Angels Place Their Faith in Industry of the Imagination

December 23, 2017
By David BlairEditor: Yang Yang
Ji Shaoting, Future Affairs Administration founder and chief executive [China Daily]

 

Science fiction is not just an art form or a genre of literature but a business, too. Chinese companies and local governments are making big investments in it because they believe there is huge and growing demand for stories that spark the imagination.

Growth of the mobile Internet in China is the key. People want to watch science fiction short videos on their phones, and many games are based on science fiction stories. The market for virtual reality alone is expected to be worth 55 billion yuan ($8.3 billion) a year by 2020, according to Bloomberg. The Motion Picture Association of America estimates that China will surpass the US as the world's largest movie market this year. All those forms of media need content.

In an interview with National Business Daily, Jiang Lin, Internet director of Science Fiction World magazine, said: "China boasts abundant sci-fi intellectual property works to develop derivative products like internet drama, TV series, films and games. I hope China Science Fiction City (which is to be built in Chengdu) can cultivate fertile soil for these products to take root and grow."

Entrepreneurs and venture capitalists see vast potential.

For example, the Future Affairs Administration, a private startup company established in Beijing last year, has already raised 10 million yuan of angel investment. During the A round of financing, the administration raised dozens of millions in total and established Three Body Cosmos, a subsidiary company that focuses on developing stories related to The Three Body Problem trilogy.

Ji Shaoting, the administration's founder and chief executive, says that at the beginning it got a percentage from selling stories.

"But that is like crushing the aspirations of the poor writers. They are not making a lot. I later realized it's better if we get the good stories and also participate in the movie part. We can get percentages of the movie project or the TV series, so we can be kinder to our writers. We want to help our writers and protect them. I want to help them get more money, and then they can have time to write more stories."

The administration also employs people who can help to make movies, she says.

"We don't make movies, but give them advice and ideas. The other part of the team is editors, because we have to talk to writers. ... Last year we talked to writers more than movie makers because we have to grow the bank of our IP. We talked to foreign writers, Chinese writers, new writers and people who want to be writers. So we are building up an education system of Chinese writers."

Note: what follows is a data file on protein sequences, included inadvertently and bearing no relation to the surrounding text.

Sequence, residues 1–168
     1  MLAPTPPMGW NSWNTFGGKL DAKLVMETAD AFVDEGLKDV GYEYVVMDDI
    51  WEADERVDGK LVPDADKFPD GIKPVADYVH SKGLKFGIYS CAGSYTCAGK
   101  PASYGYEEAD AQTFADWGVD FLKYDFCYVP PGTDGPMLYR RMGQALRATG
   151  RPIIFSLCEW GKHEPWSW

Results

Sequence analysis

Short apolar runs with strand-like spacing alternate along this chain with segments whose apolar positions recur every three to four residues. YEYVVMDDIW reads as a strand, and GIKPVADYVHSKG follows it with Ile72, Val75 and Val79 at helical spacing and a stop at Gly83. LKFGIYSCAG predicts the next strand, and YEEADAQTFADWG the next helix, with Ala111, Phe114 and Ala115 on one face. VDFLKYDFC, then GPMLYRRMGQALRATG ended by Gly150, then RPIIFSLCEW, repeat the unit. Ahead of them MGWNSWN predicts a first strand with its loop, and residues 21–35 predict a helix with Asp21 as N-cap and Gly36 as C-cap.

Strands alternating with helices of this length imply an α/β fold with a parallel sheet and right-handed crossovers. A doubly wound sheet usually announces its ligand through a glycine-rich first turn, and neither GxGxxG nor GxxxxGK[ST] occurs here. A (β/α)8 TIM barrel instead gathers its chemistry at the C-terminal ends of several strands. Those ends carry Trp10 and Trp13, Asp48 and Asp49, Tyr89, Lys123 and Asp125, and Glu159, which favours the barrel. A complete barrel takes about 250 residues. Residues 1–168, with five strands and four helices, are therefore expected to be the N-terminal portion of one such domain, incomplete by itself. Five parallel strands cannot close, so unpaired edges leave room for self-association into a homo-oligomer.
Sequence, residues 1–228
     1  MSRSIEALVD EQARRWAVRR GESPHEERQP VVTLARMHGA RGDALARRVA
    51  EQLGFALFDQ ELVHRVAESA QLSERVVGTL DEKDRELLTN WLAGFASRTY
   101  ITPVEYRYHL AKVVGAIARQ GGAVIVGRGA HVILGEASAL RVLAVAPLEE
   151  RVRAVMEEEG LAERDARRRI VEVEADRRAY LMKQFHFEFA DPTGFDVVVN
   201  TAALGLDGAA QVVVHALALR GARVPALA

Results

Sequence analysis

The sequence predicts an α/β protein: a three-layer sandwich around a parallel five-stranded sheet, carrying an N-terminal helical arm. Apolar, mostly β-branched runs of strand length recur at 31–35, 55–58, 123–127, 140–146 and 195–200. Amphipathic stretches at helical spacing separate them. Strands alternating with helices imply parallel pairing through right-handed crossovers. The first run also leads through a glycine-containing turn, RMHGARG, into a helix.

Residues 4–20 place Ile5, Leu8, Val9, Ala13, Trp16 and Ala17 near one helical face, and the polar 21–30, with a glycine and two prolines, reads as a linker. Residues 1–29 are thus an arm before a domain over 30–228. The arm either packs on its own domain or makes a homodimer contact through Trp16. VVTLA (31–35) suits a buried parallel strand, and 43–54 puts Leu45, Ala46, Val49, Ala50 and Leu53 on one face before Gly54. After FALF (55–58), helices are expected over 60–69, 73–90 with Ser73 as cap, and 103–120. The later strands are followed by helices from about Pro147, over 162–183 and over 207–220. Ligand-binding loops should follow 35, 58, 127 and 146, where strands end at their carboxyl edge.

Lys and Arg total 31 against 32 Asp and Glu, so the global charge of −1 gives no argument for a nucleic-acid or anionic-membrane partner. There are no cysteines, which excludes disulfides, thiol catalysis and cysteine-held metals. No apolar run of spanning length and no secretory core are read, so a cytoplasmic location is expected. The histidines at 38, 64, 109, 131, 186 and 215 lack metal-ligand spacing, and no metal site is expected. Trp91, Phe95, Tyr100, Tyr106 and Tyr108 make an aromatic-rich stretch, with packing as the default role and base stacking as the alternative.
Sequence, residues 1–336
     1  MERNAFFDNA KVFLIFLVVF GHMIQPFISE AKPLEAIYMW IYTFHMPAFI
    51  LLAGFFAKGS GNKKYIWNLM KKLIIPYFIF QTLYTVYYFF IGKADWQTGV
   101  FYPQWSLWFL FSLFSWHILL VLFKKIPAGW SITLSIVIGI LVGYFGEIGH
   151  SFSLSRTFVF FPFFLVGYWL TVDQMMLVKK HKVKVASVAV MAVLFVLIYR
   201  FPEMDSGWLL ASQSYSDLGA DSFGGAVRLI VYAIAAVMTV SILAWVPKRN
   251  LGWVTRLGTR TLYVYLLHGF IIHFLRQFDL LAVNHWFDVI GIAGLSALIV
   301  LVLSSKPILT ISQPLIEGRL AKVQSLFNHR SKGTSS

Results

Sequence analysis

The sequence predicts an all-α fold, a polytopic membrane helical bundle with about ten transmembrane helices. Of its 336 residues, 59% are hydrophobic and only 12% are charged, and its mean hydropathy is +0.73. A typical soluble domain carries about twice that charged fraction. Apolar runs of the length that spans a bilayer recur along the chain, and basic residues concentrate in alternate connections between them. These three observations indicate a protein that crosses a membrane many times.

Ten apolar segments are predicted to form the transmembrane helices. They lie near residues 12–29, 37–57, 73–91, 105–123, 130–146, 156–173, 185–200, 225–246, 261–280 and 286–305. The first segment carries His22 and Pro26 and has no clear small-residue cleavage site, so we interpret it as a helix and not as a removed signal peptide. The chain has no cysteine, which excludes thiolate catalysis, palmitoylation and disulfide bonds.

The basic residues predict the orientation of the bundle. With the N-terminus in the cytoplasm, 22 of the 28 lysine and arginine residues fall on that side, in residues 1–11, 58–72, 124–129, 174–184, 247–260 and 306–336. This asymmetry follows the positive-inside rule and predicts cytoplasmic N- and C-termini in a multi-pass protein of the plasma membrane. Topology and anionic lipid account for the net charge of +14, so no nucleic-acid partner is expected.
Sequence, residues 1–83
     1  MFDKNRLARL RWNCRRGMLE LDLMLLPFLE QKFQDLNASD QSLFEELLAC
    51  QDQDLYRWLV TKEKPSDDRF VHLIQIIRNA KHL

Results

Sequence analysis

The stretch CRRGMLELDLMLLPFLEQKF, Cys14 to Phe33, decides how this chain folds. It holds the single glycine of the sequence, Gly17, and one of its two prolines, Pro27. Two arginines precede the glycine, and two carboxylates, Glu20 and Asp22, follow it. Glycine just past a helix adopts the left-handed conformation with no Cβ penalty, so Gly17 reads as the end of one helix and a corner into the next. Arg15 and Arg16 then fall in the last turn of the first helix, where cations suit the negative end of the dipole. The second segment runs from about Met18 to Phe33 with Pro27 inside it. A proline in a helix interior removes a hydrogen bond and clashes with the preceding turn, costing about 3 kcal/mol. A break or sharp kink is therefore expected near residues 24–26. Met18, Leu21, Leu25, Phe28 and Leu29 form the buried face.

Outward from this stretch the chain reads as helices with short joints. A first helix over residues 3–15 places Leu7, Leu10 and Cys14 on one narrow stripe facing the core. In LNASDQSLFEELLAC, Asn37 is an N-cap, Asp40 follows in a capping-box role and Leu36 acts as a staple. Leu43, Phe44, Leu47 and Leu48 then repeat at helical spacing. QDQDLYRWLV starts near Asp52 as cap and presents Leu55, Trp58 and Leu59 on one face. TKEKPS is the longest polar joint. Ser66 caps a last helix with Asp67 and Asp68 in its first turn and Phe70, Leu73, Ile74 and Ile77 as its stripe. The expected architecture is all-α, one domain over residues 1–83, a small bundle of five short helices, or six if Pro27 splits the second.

In that sense the administration is similar to an agent, she says.

"It is a little bit complicated, but that's how things work in China. Because over the past few decades there was no Chinese science fiction industry, but just words. If we want to make it an industry we have to do many things in the whole industrial chain. In the US you have thousands of science fiction writers who have been published, but in China there are fewer than 100 Chinese science fiction writers, and the fans only know the names of 20.

So we really need more science fiction writers. Many of the science fiction movies from America made a lot of money in China."

Feng Huawei, founder of Chinese investment company, Smallville Capital, and a major investor in FAA, defined the project as part of the growing "imagination industry".

"The development of technology that includes mobile information provides us access to more devices that serve our needs, as well as spreading ideas. Imagination as the source of content production, diversity and innovation, is of more value now. We are looking for a combination of high-quality science fiction works with other industries, such as movie, animation, education, travel, real estate and other cultural businesses. We also wish to have more people involved in the production and innovation of high-quality science fiction content by supporting development."

For 10 years Ji was a reporter with Xinhua News Agency, where the science fiction writer and Xinhua executive Han Song became a mentor. She cried when she left Xinhua, but science fiction is her passion, she says.

"I started reading science fiction when I was 9 years old. Through high school and college there were few people who were interested in it, so I was really lonely."

However, in 2007 she attended a science fiction conference in Chengdu and "felt I was not lonely anymore".

"I felt I had found the science fiction family."

(Source: China Daily)

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